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12 April 2017
The plaintiff in a recent case claimed reimbursement from Munich Airport. He claimed that the airport caused him and his family to miss the initially booked flight due to a slow security check. He therefore had to purchase new tickets at €613.96.
The Erding Local Court followed the plaintiff's argument and partially granted the claim. It considered that the ground handling contract between the airport and the air carrier was a contract with protective measures for third parties such as passengers.
The court determined that there was no contractual commitment between the arguing parties. Use of airport facilities does not establish a contract between a passenger and the airport. Instead, such a contractual bond exists only as a contract of carriage between passenger and air carrier, as well as in terms of a service contract between airport and air carrier. The latter contract is defined by the court as a ground handling agreement. Within this agreement the airport must ensure that security checks (which are carried out by the local aviation authority as a public task) can be performed in a proper manner. It is therefore the airport's duty to organise the waiting area in front of the security checks. These checks are at least partially conducted in the interest of the air carriers. In this context the airport must ensure that passengers who arrive to the check-in desk on time also pass through security checks in time for boarding and flight departure. The passenger is therefore included in the protection of the ground handling agreement as a third party.
There are four specific prerequisites for such inclusion:
According to the court, the airport violated its duty to organise the security checks. While the plaintiff approached a member of staff outlining the issue, he was not urged to use a different lane in the security checks to ensure arrival on time at the gate. As the airport staff had detailed knowledge of its operational proceedings and time schedules, it was obliged to inform the plaintiff accordingly and insist on him advancing in the queue.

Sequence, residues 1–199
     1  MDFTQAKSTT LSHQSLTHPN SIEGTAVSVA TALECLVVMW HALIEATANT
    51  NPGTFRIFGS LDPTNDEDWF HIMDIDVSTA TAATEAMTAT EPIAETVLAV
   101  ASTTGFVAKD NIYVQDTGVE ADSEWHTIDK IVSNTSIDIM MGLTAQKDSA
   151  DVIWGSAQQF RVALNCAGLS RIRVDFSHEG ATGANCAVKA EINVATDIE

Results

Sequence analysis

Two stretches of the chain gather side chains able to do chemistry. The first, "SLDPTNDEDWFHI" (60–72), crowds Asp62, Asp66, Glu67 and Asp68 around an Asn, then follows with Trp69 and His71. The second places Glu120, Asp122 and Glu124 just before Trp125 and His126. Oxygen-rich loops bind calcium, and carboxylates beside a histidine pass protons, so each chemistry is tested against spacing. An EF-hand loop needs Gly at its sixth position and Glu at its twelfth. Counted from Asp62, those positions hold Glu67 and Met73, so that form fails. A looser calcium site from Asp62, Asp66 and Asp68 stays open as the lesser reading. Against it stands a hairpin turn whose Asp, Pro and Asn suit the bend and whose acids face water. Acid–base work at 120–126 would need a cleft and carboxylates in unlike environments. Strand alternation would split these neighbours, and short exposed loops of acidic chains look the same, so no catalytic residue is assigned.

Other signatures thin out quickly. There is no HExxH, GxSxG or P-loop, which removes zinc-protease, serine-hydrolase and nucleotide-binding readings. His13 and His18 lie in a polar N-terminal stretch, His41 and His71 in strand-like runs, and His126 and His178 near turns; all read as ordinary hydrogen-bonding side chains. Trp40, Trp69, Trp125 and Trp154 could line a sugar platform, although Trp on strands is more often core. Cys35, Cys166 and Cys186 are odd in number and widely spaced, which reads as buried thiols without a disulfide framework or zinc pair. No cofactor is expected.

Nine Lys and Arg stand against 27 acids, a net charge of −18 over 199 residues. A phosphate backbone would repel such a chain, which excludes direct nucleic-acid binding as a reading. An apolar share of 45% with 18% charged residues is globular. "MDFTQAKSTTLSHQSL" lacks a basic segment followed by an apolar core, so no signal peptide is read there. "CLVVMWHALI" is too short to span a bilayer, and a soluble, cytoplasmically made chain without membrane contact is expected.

As the plaintiff missed his flight due to the long wait at security, the costs for the new plane tickets that he had to purchase were attributable to the airport's behaviour.
However, the court concluded that 20% of the claim was unfounded, as the plaintiff was liable to contributory negligence. The plaintiff should have left the queue and drawn attention to the approaching boarding time as soon as he risked missing his flight.
The judgment stated that airport staff must proactively open further lanes in security and urge passengers who are in danger of missing their flights to move along the queue. The airport must take all reasonable measures and open lanes that are generally used only for priority guests (eg, first and business-class passengers).
The court verdict demonstrates the expansion of the airport's duties in favour of a higher level of passenger protection. The decision is in line with the trend for increasing consumer protections. In this case, the air carrier was exempt from any liability to the passenger, as the organisation of the security check was part of the airport's duties within the ground handling agreement.
The order is appealable as it concerns a claim for more than €600. It is yet to be seen whether Munich Airport will fight the decision at the Landshut Regional Court.
For further information on this topic please contact Sophia Iwantscheff at Arnecke Sibeth Rechtsanwaelte by telephone (+49 69 97 98 85 0) or email (firstname.lastname@example.org). The Arnecke Sibeth website can be accessed at www.arneckesibeth.com.
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